Designing Trainings with the Learner in Mind

 @michaelbolton and me at the 2008 AYE Conference - with experiential learning master @jerryweinberg observing

 @michaelbolton and me at the 2008 AYE Conference - with experiential learning master @jerryweinberg observing

The "Golden Rule" states to treat everyone the way you want to be treated. 

In general terms, this may be true: I don't want to be lied to, I want to be treated fairly, I want to be respected - so those are all things I try and give out as well. Once you have some cross-cultural or Type knowledge, however, general terms aren't enough. You realize how important the details are.  

What I consider truth and fair may have different connotations for you. What I think is respectful behavior may not be where you're coming from. In fact, it may be the complete opposite. 

When serving clients from other countries or with other Type preferences, then, it makes sense to treat them the way they want to be treated.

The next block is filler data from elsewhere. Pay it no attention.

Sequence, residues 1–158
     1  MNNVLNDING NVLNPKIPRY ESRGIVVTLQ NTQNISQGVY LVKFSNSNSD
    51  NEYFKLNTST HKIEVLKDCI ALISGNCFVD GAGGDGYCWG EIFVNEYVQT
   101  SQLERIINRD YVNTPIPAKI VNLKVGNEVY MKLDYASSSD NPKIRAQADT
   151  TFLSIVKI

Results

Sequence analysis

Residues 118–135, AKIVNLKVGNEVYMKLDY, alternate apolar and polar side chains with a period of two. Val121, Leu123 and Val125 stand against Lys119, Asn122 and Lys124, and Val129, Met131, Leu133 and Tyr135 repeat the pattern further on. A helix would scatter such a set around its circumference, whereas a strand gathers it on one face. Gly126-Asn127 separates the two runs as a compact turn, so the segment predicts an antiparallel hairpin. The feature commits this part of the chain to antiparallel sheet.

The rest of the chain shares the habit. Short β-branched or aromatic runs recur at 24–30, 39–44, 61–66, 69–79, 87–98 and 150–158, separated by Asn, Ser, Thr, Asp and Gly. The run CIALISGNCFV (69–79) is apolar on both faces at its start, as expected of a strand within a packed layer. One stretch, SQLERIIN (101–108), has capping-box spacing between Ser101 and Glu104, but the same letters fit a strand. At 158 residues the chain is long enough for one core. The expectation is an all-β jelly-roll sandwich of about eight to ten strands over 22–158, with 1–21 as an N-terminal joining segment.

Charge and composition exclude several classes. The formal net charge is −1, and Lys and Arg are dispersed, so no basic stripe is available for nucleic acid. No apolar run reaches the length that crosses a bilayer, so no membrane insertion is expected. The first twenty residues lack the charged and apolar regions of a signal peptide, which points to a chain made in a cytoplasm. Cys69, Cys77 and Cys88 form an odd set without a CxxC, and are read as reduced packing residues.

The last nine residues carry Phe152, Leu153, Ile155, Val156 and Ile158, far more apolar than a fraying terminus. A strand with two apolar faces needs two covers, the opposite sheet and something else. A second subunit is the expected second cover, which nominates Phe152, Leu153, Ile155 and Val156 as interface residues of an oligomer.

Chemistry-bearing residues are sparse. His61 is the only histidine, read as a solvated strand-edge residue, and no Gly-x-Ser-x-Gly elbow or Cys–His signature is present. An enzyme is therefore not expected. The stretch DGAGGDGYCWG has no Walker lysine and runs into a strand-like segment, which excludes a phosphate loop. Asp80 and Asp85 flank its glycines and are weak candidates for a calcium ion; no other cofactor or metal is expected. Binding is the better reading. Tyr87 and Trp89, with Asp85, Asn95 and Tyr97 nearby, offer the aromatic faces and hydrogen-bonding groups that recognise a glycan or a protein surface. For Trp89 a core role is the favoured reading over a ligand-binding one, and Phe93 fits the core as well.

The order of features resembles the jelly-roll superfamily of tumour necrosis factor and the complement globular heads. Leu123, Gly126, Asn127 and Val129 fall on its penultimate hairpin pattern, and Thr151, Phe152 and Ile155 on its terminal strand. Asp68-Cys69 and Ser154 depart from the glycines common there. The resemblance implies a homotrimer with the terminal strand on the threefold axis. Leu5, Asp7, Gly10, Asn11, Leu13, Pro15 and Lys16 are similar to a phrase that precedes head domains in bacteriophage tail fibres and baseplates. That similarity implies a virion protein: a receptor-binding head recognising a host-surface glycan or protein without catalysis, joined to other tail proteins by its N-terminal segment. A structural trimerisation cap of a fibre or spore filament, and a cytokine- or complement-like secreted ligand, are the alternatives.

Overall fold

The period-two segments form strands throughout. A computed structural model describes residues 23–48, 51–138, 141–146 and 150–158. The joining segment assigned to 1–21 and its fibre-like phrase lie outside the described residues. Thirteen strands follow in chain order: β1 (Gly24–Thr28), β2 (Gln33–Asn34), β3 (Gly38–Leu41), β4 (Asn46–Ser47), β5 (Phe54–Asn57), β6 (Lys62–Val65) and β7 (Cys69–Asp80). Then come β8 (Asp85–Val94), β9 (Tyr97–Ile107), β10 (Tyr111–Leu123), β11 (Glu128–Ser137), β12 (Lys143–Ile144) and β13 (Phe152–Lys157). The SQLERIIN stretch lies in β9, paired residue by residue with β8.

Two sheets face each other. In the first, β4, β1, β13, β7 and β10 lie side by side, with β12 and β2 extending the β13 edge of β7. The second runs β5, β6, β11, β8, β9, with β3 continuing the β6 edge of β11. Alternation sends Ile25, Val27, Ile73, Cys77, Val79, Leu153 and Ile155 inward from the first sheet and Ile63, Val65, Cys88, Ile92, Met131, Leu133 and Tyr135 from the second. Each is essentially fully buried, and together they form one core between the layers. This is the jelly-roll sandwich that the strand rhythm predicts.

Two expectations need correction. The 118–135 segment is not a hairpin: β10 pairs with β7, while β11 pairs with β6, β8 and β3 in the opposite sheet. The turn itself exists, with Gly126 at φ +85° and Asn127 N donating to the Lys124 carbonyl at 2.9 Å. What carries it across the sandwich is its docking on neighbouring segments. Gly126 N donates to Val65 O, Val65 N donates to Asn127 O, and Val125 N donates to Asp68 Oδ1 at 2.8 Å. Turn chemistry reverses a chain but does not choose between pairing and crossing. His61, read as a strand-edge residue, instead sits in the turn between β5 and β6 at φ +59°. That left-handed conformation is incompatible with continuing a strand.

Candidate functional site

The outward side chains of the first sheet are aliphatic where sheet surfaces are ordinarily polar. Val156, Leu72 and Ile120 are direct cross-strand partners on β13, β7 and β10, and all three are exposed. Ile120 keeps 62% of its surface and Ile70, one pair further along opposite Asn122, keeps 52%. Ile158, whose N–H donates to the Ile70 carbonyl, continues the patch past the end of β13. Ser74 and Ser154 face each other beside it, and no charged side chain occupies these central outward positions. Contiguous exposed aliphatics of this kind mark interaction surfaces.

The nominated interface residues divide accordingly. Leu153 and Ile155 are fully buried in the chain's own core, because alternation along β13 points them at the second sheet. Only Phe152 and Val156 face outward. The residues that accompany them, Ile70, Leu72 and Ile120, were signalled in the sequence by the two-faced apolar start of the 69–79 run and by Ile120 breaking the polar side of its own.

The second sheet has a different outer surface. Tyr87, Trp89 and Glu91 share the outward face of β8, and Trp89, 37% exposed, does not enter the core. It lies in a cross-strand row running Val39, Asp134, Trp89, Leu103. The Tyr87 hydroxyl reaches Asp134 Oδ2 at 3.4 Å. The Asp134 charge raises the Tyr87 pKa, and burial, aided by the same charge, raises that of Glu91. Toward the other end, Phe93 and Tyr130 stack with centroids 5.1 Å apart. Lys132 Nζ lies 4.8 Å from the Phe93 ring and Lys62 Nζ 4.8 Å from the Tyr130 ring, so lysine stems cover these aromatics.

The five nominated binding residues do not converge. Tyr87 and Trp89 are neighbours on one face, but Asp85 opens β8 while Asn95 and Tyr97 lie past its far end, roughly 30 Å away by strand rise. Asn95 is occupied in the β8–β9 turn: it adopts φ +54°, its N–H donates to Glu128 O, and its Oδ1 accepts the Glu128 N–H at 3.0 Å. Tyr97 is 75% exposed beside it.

One-on-one sessions like coaching are pretty easy to customize, but keeping a diverse group engaged takes a little more preparation.  

During her keynote address at the conference, Susan Nash of took us all through an exercise. We learned by doing that the four Interaction Styles™ energies all add value to the learning process.  



  • provide guidance
  • narrow down ideas
  • provide information about potential pitfalls
  • stand back and monitor
  • set up a group structure
  • review what you’ve accomplished and next steps



  • complex problem-solving
  • reduce anxiety during conflict
  • listen, build trust, mediate
  • be there with client and ask questions to allow them the space to find their own answers
  • tipping point / push a little bit and step in with a gem



  • get people engaged with passion and energy
  • set time parameters
  • give structure/boundaries
  • bring people back on course
  • provide guidance when client is uncertain
  • make stuff happen



  • pull out the wisdom in the room
  • help connect people
  • humor element
  • get people to brainstorm / feel relaxed
  • bring energy up at the start and after lunch


One way of making sure everyone's engaged is to follow Susan's TEACH model: 

  1. State the Topic
  2. Engage the audience in experiential learning
  3. Provide Abstract data as well
  4. Help them remember by providing Concrete examples
  5. Show How to apply what they've learned

Concrete and abstract concepts speak to both Sensing and Intuiting learners, and applications speak to all adults. After all,

Tell me and I'll forget; show me and I may remember; involve me and I'll understand.